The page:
In an earlier blog post, we talked about what reviewers can do to provide useful, high-quality reviews. We turn now to some recommendations on how you, as an author, should respond to reviewer comments.
Anatomy of a thorough and high-quality response
A high-quality response shows the editor that you have thoughtfully considered reviewer comments. It should include:
- A point-by-point response to each reviewer comment, quoting from the review when necessary.
- Several ACS journals require a marked-up version of your manuscript when you submit your revisions. This makes it easier for the editorial offices to see how you incorporated changes suggested be the reviewers. If the journal you’re submitting to requires a marked-up version, it will be indicated in their request for revision.
- An explanation of how you changed parts of the manuscript. Be sure to include quotes and page numbers where new content can be found.
- If the reviewer comments indicate that they didn’t fully understand your paper, try to determine where they got confused and why, and clarify as you revise.
Responding thoroughly and thoughtfully to reviews will help you craft a better paper.
Tips for authors responding to reviewers
When you receive a review, keep these tips in mind:
- Reviews are not meant to be personal. If the review you receive does not seem friendly, still respond as if it is.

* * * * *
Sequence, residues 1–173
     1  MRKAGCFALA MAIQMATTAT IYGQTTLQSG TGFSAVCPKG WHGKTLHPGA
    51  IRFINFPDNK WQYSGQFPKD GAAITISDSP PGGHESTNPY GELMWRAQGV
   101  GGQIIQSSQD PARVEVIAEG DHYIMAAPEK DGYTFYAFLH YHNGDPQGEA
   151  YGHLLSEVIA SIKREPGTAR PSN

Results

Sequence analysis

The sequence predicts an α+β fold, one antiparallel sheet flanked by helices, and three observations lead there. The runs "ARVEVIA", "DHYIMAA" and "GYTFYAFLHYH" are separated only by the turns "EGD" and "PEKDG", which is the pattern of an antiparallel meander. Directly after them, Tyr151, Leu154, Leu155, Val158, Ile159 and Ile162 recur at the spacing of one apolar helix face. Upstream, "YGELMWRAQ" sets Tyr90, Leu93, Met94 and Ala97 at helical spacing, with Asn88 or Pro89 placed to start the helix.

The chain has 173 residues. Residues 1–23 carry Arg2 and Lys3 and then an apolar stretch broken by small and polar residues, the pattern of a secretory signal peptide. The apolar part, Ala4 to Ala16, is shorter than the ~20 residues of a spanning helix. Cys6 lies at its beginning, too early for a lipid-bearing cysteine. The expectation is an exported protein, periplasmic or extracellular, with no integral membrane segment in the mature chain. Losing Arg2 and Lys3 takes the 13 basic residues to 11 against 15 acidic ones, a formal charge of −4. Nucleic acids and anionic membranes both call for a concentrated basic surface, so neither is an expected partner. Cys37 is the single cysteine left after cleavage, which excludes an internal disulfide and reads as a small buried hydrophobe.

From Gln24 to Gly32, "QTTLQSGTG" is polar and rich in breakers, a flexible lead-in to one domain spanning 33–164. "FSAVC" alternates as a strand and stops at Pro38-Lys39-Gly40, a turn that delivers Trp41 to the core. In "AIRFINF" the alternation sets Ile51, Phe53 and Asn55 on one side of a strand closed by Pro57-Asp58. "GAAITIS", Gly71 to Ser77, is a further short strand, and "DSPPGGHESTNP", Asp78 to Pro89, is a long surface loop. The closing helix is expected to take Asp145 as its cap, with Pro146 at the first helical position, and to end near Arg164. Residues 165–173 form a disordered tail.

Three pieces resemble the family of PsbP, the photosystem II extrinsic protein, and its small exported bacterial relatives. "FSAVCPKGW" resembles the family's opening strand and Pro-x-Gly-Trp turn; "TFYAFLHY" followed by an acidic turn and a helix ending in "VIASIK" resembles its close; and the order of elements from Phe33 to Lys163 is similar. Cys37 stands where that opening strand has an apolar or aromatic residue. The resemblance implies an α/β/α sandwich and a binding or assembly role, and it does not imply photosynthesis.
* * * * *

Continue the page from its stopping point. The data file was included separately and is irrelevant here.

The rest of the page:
- If you become angry after reading a review, take some time to cool off before responding. Your responses should be professional and scientific.
- You should always respond to reviewer comments, even if you don’t agree with them. If there are reviewer comments that you decide not to take into account, indicate that to the editor.
- It is best to respond to all reviewer comments. However, if there is a case in which you believe that the reviewer’s request for more data or experimentation will not further support the hypothesis, indicate why, using scientific backing.
- If your review does not seem positive, or if your manuscript is declined, don’t get discouraged. All authors have received reviews that are less than glowing, and all have had a manuscript declined, even ACS editors. If your paper gets rejected, take the reviewer’s comments into account in your revision of the paper before you resubmit.
Check out these other ACS resources to learn more: